Published on Monday, April 5, 2010 by Foreign Policy in Focus
In yet another assault on fundamental principles of international law, a bipartisan majority of the Senate has gone on record calling on the
More disturbingly, this effort appears to have the support of Secretary of State Hillary Clinton. Senator Dianne Feinstein (D-CA), head of the Senate Intelligence Committee and principal author of the recent Senate letter  supporting Moroccan aggrandizement, claims  that the two "are on the same wavelength" on the issue.
The letter, signed by 54 senators, insists that the
How Much "Autonomy"?
The autonomy plan is based on the assumption that Western Sahara is part of
If the people of
International law aside, there are a number of practical concerns regarding the Moroccan proposal. For instance, centralized autocratic states have rarely respected the autonomy of regional jurisdictions, which has often led to violent conflict. In 1952, the UN granted the British protectorate of
Moreover, the Senate-backed Moroccan proposal contains no enforcement mechanisms.
In any case, the people of
That did not stop
The Senate Letter
There has long been concern that
The letter's signatories included 24 Republicans, including ranking Intelligence Committee member Kit Bond (R-MO), Assistant Minority Leader Jon Kyl (R-AZ), and John McCain (R-AZ). There were also 30 Democratic signatories of the letter, including such erstwhile liberals as Ron Wyden (D-OR), Maria Cantwell (D-WA), Carl Levin (D-MI), and Mark Udall (D-CO). Not surprisingly, most of the signers have also gone on record defending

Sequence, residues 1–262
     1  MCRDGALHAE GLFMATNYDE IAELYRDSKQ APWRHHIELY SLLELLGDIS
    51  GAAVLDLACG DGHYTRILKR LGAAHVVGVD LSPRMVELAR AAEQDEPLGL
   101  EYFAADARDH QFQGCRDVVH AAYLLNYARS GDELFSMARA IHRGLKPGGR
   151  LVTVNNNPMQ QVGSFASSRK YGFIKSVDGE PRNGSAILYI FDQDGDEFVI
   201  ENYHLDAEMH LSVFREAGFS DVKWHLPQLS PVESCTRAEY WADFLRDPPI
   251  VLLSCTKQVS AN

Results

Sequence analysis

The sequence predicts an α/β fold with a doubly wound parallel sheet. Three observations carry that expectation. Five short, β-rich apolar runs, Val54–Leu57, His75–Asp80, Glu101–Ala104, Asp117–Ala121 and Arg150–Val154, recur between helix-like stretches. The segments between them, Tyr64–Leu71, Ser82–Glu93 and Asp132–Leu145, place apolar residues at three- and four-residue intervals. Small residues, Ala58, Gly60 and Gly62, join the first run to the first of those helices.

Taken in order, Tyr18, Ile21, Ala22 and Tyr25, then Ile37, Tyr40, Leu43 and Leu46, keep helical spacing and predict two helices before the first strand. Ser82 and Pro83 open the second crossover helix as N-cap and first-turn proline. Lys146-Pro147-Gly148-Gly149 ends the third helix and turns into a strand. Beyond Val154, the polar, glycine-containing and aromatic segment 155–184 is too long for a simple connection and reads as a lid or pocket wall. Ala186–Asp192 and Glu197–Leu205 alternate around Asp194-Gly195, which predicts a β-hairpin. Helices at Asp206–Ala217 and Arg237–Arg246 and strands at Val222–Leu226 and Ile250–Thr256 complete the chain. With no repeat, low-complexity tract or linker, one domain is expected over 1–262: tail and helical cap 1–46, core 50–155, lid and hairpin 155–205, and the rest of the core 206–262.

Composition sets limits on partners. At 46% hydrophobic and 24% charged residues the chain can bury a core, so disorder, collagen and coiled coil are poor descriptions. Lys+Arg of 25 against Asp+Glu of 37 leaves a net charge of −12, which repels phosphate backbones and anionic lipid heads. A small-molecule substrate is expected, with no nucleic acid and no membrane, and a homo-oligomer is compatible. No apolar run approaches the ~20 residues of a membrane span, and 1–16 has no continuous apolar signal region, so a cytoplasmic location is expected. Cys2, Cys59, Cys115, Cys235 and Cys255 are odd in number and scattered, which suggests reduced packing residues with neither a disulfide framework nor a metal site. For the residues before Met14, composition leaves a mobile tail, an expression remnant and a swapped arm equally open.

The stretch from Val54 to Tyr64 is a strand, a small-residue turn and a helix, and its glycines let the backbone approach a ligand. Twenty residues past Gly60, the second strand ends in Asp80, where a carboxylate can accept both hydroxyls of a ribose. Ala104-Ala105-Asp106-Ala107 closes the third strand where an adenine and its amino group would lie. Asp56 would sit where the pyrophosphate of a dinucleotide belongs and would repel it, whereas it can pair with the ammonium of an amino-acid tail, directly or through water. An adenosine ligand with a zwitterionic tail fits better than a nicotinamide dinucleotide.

Stephen Zunes, a Foreign Policy in Focus senior analyst, is a professor of Politics and chair of Middle Eastern Studies at the
URL to article: http://www.commondreams.org/view/2010/04/05-5
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"The master class has always declared the wars; the subject class has always fought the battles. The master class has had all to gain and nothing to lose, while the subject class has had nothing to gain and everything to lose--especially their lives." Eugene Victor Debs